Nonetheless, 2015 has seen the topic of reparations gain traction. A debate at Oxford Union on 28 May named ‘This House Believes Britain Owes Reparations to her Former Colonies’ concluded with a yes vote. This marks a u-turn to the votes cast by the same debating society during a similar debate on 26 November 2009 under the title ‘This House would make Reparations for Colonialism’. At this Oxford union debate, Ligali’s Toyin Agbetu was joined by Professor John Newsinger and Lord Parekh against a panel consisting of Nikolai Tolstoy, Dr Tiffany Jenkins and Philip van der Elst. During that debate an overwhelmingly hostile audience attacked Toyin and his arguments and voted against reparations.
There has also been a recent two part BBC documentary broadcast utilising ground breaking UCL research on the Legacies of British Slavery uncovering the untold stories of ‘Britain's Forgotten Slave Owners’. In it the historian David Olusoga explored the fallacy of monetary compensation being a measure of justice, when in the case of Maafa it is clearly a provider of further unjust enrichment.
However whilst the Indian prime minister Narendra Modi endorsed the idea of Britain paying damages to India for colonial rule following Shashi Tharoor representations in the 2015 debate based on centuries of economic destruction by the British, African activists have long been looking at reparations as more than just a compensatory cash pay-out.
With the growth of movements such as #whitecurriculum and #RhodesMustFall, educational institutions have been implicated and challenged for utilising biased pedagogical practices that indoctrinate societies in philosophical practices and beliefs that perpetuate racist myths, thinking and behaviour. Its impact is felt across Europe, America, Asia and Africa itself. With the adoption of a holistic approach to reparation inclusive of demands for justice - movements like #BlackLivesMatter have helped globalise awareness of the injustice faced by millions of African people as a result of the institutionally racist state apparatus operating in America and across Europe.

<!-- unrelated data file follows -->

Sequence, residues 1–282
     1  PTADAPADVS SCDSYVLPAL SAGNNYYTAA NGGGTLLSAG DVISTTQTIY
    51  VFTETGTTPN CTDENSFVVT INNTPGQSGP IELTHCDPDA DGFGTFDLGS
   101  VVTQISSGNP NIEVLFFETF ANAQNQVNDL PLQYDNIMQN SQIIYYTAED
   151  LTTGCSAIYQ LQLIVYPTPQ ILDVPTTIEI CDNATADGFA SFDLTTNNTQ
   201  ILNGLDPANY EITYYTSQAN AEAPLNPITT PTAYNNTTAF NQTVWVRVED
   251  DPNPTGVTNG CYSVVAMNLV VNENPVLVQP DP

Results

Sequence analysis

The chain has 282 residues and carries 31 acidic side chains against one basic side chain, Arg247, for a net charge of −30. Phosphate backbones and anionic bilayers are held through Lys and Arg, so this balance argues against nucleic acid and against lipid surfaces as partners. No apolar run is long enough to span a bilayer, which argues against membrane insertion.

On 1st August an annual reparations march highlighting the continued injustices faced by African people across the world will take place in London leaving from Windrush Square, Brixton at 11am. The campaign slogan – “education is preparation for reparation” seeks to highlight how the failure of successive governments to make reparations despite reaping the ill-gotten profits of Maafa contributes to anti-African racism across the world and the continuing exploitation of Africa’s natural and human resources.
Toyin suggests “the march is one way Africans in the UK can register their concerns over the tragic loss of African life, be they the academic and entrepreneurial deaths of young potential in jobs, schools and universities or the loss of life of innocent women and children like Sandra Bland, Eric Gardner and Tamir Rice, the congregation at the Charleston massacre and people like Sean Rigg, Frank Ogboru, Ese Alabi, Jimmy Mubenga, Joy Gardner, Christopher Alder, Rocky Bennet, Mark Duggan and so many others attacked by entrenched bastions of white supremacy.”
Toyin who recently participated in a Reparation Education Weekend hosted by the RMT continued; “It is essential we work hard to educate those around us how to successfully challenge Maafa denial and the media’s conflation of reparations with compensation instead of justice.
Anti-African racism thrives in a climate of ignorance which will exists as long as Pan-African history is narrowed down to a simplistic polemic about ‘blacks’, ‘whites’ and ‘slavery’ and so called abolition instead of civilisation, freedom fighting and the birthplace of spirituality, rationality and humanity itself.”
External Links‘Auschwitz book-keeper’ Oskar Groening sentenced to four yearsThis House Believes Britain Owes Reparations to her Former ColoniesRMT commended for hosting Reparations Education SchoolThousands of Africans unite for Reparations March 2014Stop the Maangamizi - we charge genocide ecocide
British War Criminals (Top): Gerald Lathbury, Ian Henderson, Terence Gavaghan, John Allen (Middle) British Army humiliate children and terrorise Africans in Operation Scaramouche
Police ‘scope’ viability of Mau Mau war crimes investigationCPS to investigate British ‘mau mau’ war crimes
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What does reparation look like to you – compensation or justice? How can we establish a Peoples International Tribunal for Global Justice to ensure there is a ‘Nuremberg’ like trial for our Ancestors and the survivor-descendants of Maafa?